Priest's baby box scheme runs into opposition
Despite leap in numbers of abandoned babies, Korean officials say it's illegal
Rev Lee with his controversial, custom made baby box
Reverend Lee Jong-rak of Jusarang Community Church in the southern outskirts of Seoul will not forget the moment he received the first arrival in his baby box.
“When I saw the baby wrapped in a dirty towel, I just plunked myself down. I thought that we were prepared for it, but all our church staff were in floods of tears,” he said. It was March, 2010.
Rev Lee set up Korea’s first and only baby box in the wall of his church in October 2009, after someone had left a baby in front of his church; the child was almost dead of hypothermia.
“I just thought we needed a place where we could keep abandoned babies safe. I had no idea about the baby box then. Then I heard about a Czech hospital who had one, so I decided to make one for ourselves,” he said.
Rev Lee designed it with an oxygen supply, a heater and two doors -- one outside the church and one inside -- and a bell that rings to alert church staff when the outside door is opened.
Since the first arrival, the church has received 231 babies. Of these, around 50 were taken back by their parents.
When a baby comes, the church first reports it to the police. Usually, the church keeps the baby for three days until a local health visitor comes to take the baby to a hospital. After medical checks the baby is then sent to an orphanage or, if needed, a facility for the disabled.
“Those babies are discriminated against from birth. I feel sorry for them,” said Rev Lee.
In fact those babies now face a legal form of discrimination.
A special adoption law, which came into effect in August 2012, stipulates that a baby cannot be adopted unless its birth has been registered by its parents. The well-intentioned amendment was aimed at curbing child trafficking and aiding adopted children’s rights to know and find their natural parents.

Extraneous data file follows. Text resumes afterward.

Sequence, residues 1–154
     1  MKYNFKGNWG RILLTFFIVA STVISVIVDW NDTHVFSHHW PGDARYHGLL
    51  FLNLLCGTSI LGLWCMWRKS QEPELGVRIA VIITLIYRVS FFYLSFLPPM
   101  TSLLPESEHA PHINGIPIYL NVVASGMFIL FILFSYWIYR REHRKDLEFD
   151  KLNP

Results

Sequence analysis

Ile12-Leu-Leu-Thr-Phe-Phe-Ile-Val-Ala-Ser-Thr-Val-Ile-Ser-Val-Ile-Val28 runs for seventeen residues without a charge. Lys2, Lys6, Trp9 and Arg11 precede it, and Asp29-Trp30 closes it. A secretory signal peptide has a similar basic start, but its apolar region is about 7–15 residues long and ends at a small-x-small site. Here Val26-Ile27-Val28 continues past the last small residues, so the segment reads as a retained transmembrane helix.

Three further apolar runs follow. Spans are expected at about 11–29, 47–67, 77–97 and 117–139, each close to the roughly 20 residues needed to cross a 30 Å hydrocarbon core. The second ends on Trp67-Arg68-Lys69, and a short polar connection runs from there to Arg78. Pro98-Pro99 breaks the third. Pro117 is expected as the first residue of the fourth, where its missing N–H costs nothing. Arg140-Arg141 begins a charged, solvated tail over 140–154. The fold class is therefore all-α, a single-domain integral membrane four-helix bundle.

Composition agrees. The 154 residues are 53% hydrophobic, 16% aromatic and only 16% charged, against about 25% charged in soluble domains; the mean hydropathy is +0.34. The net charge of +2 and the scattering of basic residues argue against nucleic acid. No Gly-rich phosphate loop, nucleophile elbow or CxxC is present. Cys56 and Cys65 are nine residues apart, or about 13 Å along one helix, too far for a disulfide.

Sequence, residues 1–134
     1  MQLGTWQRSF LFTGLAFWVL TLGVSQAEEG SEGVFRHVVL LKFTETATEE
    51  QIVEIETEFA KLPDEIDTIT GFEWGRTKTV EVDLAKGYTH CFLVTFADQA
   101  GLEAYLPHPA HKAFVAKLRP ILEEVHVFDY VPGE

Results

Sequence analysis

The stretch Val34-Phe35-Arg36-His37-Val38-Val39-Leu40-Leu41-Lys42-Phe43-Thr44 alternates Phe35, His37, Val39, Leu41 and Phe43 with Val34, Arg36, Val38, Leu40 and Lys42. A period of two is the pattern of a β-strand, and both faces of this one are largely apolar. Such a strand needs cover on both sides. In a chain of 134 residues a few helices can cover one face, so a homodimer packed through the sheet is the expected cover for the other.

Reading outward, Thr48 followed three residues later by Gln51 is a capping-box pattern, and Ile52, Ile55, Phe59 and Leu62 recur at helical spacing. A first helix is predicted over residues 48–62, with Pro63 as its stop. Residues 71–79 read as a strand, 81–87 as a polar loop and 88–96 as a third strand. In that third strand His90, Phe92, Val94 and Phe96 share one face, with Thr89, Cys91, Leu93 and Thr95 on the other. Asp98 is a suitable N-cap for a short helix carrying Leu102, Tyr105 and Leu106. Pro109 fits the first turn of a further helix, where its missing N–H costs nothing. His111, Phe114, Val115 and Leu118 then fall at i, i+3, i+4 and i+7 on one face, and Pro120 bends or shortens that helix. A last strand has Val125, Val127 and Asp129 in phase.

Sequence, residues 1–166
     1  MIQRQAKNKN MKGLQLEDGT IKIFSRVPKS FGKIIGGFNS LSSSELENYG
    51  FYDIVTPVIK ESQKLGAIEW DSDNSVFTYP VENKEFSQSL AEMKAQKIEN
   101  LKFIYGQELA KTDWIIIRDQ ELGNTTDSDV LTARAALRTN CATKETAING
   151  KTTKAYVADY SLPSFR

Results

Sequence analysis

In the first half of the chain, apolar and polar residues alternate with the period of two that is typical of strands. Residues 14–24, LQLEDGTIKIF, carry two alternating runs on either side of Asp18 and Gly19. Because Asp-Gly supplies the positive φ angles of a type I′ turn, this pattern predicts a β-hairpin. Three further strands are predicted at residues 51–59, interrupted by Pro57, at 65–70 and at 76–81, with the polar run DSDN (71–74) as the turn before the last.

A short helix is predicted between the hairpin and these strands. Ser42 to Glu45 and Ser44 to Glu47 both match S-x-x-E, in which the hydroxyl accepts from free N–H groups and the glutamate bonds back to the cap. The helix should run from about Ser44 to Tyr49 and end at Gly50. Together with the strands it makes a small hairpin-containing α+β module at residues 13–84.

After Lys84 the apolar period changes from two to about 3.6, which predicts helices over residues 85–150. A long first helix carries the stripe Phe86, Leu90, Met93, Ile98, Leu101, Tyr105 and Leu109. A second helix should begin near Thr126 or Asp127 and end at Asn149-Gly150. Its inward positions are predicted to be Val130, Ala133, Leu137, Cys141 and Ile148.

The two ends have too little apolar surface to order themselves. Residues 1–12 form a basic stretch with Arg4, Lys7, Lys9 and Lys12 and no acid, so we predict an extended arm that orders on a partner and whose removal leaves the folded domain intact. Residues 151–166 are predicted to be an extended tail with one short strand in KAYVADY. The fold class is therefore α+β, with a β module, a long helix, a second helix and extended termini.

But it has had the unintended effect of causing a sizeable jump in the number of abandoned babies in the church’s box.
“In the past, we took in an average of two babies a month,” said Rev Lee. “Since August last year when the law changed, the number has increased to 15.”
He added that: “Most of the mothers are single teenagers and are afraid for their future when they register the babies under their name. Before the law, they could send their babies to adoption centers but now they can’t.”
For a fundamental solution, he maintains that the prevailing culture that shames unmarried mothers needs to be radically changed.
“In this society, where single mothers face discrimination and there is no social infrastructure to help them raise their own children, who would dare to register their baby? The law should be amended again to give practical help to them.”
However, the baby box does have its critics.
The UN Committee on the Rights of the Child warned that baby boxes that have been installed in Eastern Europe can infringe upon the rights of abandoned babies to access their parents.
Closer to home, the Ministry of Health and Welfare sent a warning letter in May, ordering the removal of the box saying it is illegal.
“Our criminal code says it is illegal for a linear ascendant to abandon an infant; it can be punished with up to two years imprisonment. Also, child welfare law prohibits neglect of babies and the baby box encourages those illegal activities,” an official at the ministry told ucanews.com, on condition of anonymity.
“How it is illegal to save a human life and to keep a baby in a safe place?” responded Rev Lee. “That’s just an armchair argument. We will not stop operating it.”
Looking to the future, he said: “I always pray that there will be no more abandoned babies in this country and no more in our baby box. That’s all I want.”
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